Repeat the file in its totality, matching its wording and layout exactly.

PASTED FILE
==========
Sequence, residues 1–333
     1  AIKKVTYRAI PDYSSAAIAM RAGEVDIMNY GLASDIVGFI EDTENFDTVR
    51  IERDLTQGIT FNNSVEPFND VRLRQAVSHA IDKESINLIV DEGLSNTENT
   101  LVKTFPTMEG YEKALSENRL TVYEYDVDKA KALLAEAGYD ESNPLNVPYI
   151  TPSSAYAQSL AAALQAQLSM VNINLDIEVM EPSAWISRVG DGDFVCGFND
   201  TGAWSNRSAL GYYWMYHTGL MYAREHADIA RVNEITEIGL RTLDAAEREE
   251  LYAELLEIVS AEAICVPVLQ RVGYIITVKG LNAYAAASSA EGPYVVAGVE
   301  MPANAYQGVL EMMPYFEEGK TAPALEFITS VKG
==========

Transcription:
Sequence, residues 1–333
     1  AIKKVTYRAI PDYSSAAIAM RAGEVDIMNY GLASDIVGFI EDTENFDTVR
    51  IERDLTQGIT FNNSVEPFND VRLRQAVSHA IDKESINLIV DEGLSNTENT
   101  LVKTFPTMEG YEKALSENRL TVYEYDVDKA KALLAEAGYD ESNPLNVPYI
   151  TPSSAYAQSL AAALQAQLSM VNINLDIEVM EPSAWISRVG DGDFVCGFND
   201  TGAWSNRSAL GYYWMYHTGL MYAREHADIA RVNEITEIGL RTLDAAEREE
   251  LYAELLEIVS AEAICVPVLQ RVGYIITVKG LNAYAAASSA EGPYVVAGVE
   301  MPANAYQGVL EMMPYFEEGK TAPALEFITS VKG